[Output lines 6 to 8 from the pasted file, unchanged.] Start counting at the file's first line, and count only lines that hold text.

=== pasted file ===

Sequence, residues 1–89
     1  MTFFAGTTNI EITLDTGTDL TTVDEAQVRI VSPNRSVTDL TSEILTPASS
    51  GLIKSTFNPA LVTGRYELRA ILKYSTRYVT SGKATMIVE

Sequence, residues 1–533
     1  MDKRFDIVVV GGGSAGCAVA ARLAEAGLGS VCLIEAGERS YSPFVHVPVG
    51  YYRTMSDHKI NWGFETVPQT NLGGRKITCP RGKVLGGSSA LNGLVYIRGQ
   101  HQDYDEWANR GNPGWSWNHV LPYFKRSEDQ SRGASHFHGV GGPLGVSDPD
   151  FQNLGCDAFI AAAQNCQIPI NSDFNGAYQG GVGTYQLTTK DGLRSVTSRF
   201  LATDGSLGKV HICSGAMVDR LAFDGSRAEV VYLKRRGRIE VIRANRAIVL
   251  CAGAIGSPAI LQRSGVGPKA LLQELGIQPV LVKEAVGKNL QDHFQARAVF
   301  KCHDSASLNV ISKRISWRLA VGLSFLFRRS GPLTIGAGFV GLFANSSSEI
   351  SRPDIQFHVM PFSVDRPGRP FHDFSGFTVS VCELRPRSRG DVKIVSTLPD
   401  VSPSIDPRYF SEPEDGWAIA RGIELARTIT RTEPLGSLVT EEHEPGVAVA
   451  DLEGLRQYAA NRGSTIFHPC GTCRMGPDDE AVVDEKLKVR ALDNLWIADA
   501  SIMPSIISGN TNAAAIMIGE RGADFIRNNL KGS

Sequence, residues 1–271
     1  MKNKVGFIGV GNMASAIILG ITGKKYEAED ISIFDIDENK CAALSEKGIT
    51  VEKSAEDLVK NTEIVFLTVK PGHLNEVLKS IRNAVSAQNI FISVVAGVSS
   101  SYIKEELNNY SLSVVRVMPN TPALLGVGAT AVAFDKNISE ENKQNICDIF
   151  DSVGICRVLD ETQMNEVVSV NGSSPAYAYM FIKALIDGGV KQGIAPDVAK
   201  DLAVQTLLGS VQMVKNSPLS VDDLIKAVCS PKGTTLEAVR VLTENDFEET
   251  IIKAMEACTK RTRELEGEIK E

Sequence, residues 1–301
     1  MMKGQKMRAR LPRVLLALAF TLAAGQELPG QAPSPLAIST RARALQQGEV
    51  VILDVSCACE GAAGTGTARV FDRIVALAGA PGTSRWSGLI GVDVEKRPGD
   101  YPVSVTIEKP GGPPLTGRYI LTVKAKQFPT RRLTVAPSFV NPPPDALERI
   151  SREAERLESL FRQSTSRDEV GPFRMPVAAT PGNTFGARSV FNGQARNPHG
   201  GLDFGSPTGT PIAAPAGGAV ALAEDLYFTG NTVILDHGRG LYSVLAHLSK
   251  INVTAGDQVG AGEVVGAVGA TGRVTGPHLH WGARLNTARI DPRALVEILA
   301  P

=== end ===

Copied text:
    51  YYRTMSDHKI NWGFETVPQT NLGGRKITCP RGKVLGGSSA LNGLVYIRGQ
   101  HQDYDEWANR GNPGWSWNHV LPYFKRSEDQ SRGASHFHGV GGPLGVSDPD
   151  FQNLGCDAFI AAAQNCQIPI NSDFNGAYQG GVGTYQLTTK DGLRSVTSRF